A three-month-long investigation into PFAS contamination in Robinson Township has revealed significantly higher concentrations in the groundwater than initially detected in drinking water testing at Robinson Elementary School and the nearby township fire department.
It has been nearly six months since Robinson Township residents learned well water at the local elementary school and several properties is contaminated with PFAS.
More than 60 drinking water systems in Michigan sampled last year had measurable levels of a class of long-lasting and highly toxic chemicals linked to cancer and a variety of other illnesses, state officials said Monday.
ROBINSON TWP. — If you dig a 5-foot hole in Robinson Township, you’ll hit water.
The Environmental Protection Agency says it is moving forward with a response to a class of long-lasting chemical contaminants amid criticism from members of Congress and environmentalists that the agency has not moved aggressively enough to regulate them.
Officials reveal plans for PFAS investigation in Robinson Township at town hall meeting on Friday.
The town hall meeting at the Ottawa County Fillmore Complex in West Olive at 5 p.m. Friday will bring together officials from the Ottawa County Department of Public Health, Michigan Department of Health and Human Services, Grand Haven school district and Robinson Township.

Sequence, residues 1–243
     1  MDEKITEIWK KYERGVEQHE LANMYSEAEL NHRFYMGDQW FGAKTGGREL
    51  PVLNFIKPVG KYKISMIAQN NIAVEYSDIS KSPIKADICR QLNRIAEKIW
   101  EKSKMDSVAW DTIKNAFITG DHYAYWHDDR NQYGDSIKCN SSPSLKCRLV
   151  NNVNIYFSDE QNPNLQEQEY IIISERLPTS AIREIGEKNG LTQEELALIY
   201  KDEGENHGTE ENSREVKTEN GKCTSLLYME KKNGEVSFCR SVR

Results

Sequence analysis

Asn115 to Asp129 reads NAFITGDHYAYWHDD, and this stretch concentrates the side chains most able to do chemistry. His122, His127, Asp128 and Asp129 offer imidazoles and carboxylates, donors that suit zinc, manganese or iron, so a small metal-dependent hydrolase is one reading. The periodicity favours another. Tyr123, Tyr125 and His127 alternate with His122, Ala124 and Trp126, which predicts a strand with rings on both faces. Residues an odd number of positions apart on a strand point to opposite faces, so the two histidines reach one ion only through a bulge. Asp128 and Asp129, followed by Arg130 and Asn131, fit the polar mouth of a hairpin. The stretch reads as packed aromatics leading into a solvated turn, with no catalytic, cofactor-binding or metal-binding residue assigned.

A town hall meeting on Feb. 8 will give people the opportunity to ask officials about PFAS contamination in Robinson Township.
The Michigan Department of Environmental Quality is attempting to rule out potential sources of PFAS in Robinson Township.
Four potential sources are on the table as the Michigan Department of Environmental Quality begins to search for the source of PFAS contamination in Robinson Township.
What happens if you’re trying to sell a home hooked up to water contaminated with PFAS?
The Michigan Department of Environmental Quality’s latest round of PFAS testing in Robinson Township has turned up 20 more wells with traces of the hazardous substances.
The day after Christmas, residents in Robinson Township began receiving phone calls from Lansing informing them their water is contaminated with PFAS.
Wolverine Worldwide has filed a lawsuit in federal court against Scotchgard-maker 3M for potential damages caused to some Kent County residents whose drinking water was polluted with toxic chemicals.
Removing the chemicals from water sources can be done several ways, but there is no perfect solution to the problem.